- Step 1: Put some uncooked rice in a bowl with water. Abdullah recommends organic rice.
- Step 2: Strain the rice and put it back in a bowl with room temperature water. With your fingers in the bowl, scrunch up the rice to give it a good clean.
- Step 3: Then strain the rice again and put it in another bowl. "Add one cup rice to three cups of water," advised Abdullah. Use lukewarm water rather than boiling water, and let the water go milky in appearance.
- Step 4: Next, you can leave the formula as is, but be warned, it could start to get a bit stinky as the fermentation process continues. The Yao women often use pomelo peel to lift the scent, but you could add grapefruit peel and perhaps an essential oil.
- Step 5: Strain your rice water and pour it into a Mason jar (or an airtight container). Add your peel and oil of choice (eucalyptus has a nice clean scent), tighten the lid and leave it to ferment for one week. Abdullah said, "To keep the bacteria growth down, keep the mix in the fridge. It will stay usable for at least a few days."
According to the Yao women, the fermentation process is what increases the benefits for hair. Abdullah explained, "Fermentation of the rice water brings the pH level closer to that of hair. This means reduced friction between hair strands and an easier detangling process — some additional benefits."
How Should a Rice Water Treatment Be Applied?
If you do as the Yao women do, you won't be washing your hair with shampoo before or after you apply the mixture. If you don't like that idea, use a gentle shampoo on the roots only to cleanse away oil and impurities. Try not to scrub your lengths too hard. You don't want to get your hair super clean before you add your rice water. The idea is to replace your regular shampoo with rice water, so you don't want to dry your hair out by washing it too much.
You can dip your ends in your rice water and pour it all over your scalp, or you can pour the water into a spray bottle and mist it all over that way. Whatever method you choose, leave it to saturate your strands for 20 minutes and then rinse thoroughly. The Yao women repeat this once a week, but you can tailor the process to you and your 'do.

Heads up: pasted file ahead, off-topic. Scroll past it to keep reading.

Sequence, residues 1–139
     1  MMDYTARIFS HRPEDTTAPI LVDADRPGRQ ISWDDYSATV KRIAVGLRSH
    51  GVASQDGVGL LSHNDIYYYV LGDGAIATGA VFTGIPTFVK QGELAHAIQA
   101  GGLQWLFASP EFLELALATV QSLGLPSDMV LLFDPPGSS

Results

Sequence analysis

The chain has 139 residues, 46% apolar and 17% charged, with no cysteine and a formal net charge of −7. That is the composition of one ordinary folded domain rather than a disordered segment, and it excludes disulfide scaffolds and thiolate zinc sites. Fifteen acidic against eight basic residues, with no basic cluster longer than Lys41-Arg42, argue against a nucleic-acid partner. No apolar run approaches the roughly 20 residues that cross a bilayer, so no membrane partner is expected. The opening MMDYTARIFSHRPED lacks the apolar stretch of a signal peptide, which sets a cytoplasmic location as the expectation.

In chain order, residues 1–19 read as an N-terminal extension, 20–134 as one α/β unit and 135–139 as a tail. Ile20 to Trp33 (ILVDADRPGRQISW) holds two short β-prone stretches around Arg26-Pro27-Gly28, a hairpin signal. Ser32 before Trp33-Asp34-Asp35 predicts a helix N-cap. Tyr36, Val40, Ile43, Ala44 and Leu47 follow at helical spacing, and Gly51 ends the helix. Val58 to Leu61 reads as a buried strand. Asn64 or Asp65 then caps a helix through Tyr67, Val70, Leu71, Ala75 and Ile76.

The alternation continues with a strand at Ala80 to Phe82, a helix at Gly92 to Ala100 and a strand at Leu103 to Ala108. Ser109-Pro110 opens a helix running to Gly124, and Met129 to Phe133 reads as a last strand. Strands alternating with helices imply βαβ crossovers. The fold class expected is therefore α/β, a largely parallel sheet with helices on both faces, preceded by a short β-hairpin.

Side Effects of Rice Water on Hair
Rice water isn't going to damage or harm your precious hair, but without conclusive scientific research, it's hard to say whether it will actually help your hair grow. With so many effective treatments for natural hair growth available in North America, you don't necessarily need to rely on rice water to experience visibly increased hair density.
As for side-effects, some people who have used the formula experienced a flaky buildup and scalp irritation. The added protein could also damage the hair cuticle and cause breakage.
While no scientific research suggests any specific hair type should avoid the mixture, those with very fine hair or low-porosity hair should use it with care. As the rice water builds up and the protein increases, you could experience extreme dryness. If you struggle with dermatitis on the scalp, the starched water could accelerate a flaky, itchy scalp.
Are There Other Beauty Benefits of Rice Water?
Again, while the research is sparse, some suggest rice water can benefit the skin. A 2013 study showed that rice water could help improve sun damage, which, let's face it, is something we all worry about.
Another study suggests that the concoction can help reduce the signs of aging because of the antioxidant properties. So, keeping a little spray bottle full of fermented rice water handy in the fridge could help soothe the skin when you need to freshen-up, but it's probably worth using in moderation.
Is Using Rice Water Worth It?
If you have some extra time on your hands, you might want to mix up some rice water and give your locks a rinse to see how it goes. If you find that it works for you, then it could be a great addition to your routine, but be prepared to put the work in.
If you really just can't go without shampoo (we get it!), look for a gentle shampoo that's designed to support healthy hair, like GRO Revitalizing Shampoo fortified with vegan keratin. Paired with GRO Revitalizing Conditioner, this duo utilizes state-of-the-art, microencapsulation technology to deliver powerful phytoactives deep beneath surface of the scalp (in only thirty seconds), promoting visibly thicker, fuller and stronger looking hair while leaving dry and damaged hair feeling luxuriously soft and silky. Plus you can use a VEGAMOUR discount code to save.
It's fun to experiment with different products and DIY treatments, but remember there's a bevy of hair wellness solutions available — no fermenting required.